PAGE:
August 25th, 2011
05:16 PM ET
By Dan Gilgoff, CNN.com Religion Editor
(CNN) - The Israeli ambassador to the United States hosted a dinner celebrating the Muslim holy month of Ramadan on Thursday, marking the first time an ambassador from the Jewish state has hosted such a dinner in the United States, the embassy said.
Israeli Ambassador Michael Oren hosted the dinner at his residence, with about 65 guests in attendance, including imams, rabbis and officials from the White House, Congress and the State Department, according to Israeli Embassy spokesman Lior Weintraub.
Oren said the unusual dinner is fitting at a time when the future of the Middle East is uncertain, as the Arab Spring has unseated regimes in Tunisia and Egypt and as Libya appears poised on the brink of a revolution.
“We’re in the middle of a huge transition in the Middle East, and we see risks, but we also see opportunities there,” he said. “We want to be able to tell people in the Middle East what those opportunities are.”
“There’s a lot of misinformation about Israel, and we want to show we’re open to dialogue and reconciliation,” he said. “We can begin to build bridges on an interpersonal level.”
In remarks at the dinner, Oren cited the biblical Book of Psalms: "Behold, how good and pleasant it is when brothers dwell in unity."
Thursday’s Ramadan dinner, called an iftar, featured a call to prayer, during which the dining room at the ambassador’s residence was turned into a Muslim prayer space, the embassy said.
All food served at the meal was halal, meaning it has been prepared according to certain Muslim customs. The meal was prepared under the direction of a Muslim chef, the embassy said.
The fast was broken with traditional Islamic foods like dates, apricot juice and soup.
The dinner's guests included Dennis Ross, a White House adviser on the Middle East; State Department spokeswoman Victoria Nuland; Farah Pandith, the State Department's first special representative to Muslim communities; and Hannah Rosenthal, state's special envoy to monitor and combat anti-semitism.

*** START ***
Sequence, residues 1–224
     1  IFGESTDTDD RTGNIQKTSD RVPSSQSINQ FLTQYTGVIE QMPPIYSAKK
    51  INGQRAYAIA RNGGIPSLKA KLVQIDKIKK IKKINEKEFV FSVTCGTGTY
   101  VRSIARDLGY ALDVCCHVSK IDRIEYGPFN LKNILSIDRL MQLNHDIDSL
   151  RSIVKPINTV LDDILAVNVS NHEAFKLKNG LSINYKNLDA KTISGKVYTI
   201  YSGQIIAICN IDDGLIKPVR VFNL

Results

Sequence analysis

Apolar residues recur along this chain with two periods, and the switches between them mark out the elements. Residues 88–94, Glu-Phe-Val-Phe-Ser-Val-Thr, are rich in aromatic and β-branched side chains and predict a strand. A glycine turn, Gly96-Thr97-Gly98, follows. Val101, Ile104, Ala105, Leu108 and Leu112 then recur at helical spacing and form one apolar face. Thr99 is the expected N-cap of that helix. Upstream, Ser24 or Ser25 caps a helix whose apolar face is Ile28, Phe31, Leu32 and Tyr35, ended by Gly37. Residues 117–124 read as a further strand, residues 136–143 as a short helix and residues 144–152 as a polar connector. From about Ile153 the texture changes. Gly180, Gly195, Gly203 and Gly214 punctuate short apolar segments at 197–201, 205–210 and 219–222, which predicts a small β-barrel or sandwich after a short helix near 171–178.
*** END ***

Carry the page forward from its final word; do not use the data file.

Oren said he hopes the meal at the Israeli ambassador’s residence becomes an annual tradition.
“Israel has a very large and vibrant Muslim population, with Muslim members of the Knesset (Israel’s parliament) and in science and academics, and I’m their ambassador as well,” Oren said. “This is very much a state function for us, not just about reaching out.”
The ambassador said he was heartened about prospects for Jewish and Muslim cooperation when his wife visited an Israeli hospital last week for an emergency appendectomy, with the operation and the recovery overseen by Jewish and Muslim doctors and nurses working together.
Oren said he saw medical staff “acting on the basis of common humanity, without any distinction over faith. … Everyone there was an example of how it can be.”
The iftar dinner comes at a time of heightened tensions between Israel and much of the Muslim world, with a rash of violence between Israel and the Palestinians in the past week and the Palestinian Authority preparing to make a bid for statehood in the United Nations next month.
Iftar dinners are held during Ramadan to break the daily fast.
President Barack Obama hosted an iftar dinner at the White House this month, a tradition that dates to President Bill Clinton.
About this blog
The CNN Belief Blog covers the faith angles of the day's biggest stories, from breaking news to politics to entertainment, fostering a global conversation about the role of religion and belief in readers' lives. It's edited by CNN's Daniel Burke and Eric Marrapodi with daily contributions from CNN's worldwide newsgathering team and frequent posts from religion scholar and author Stephen Prothero.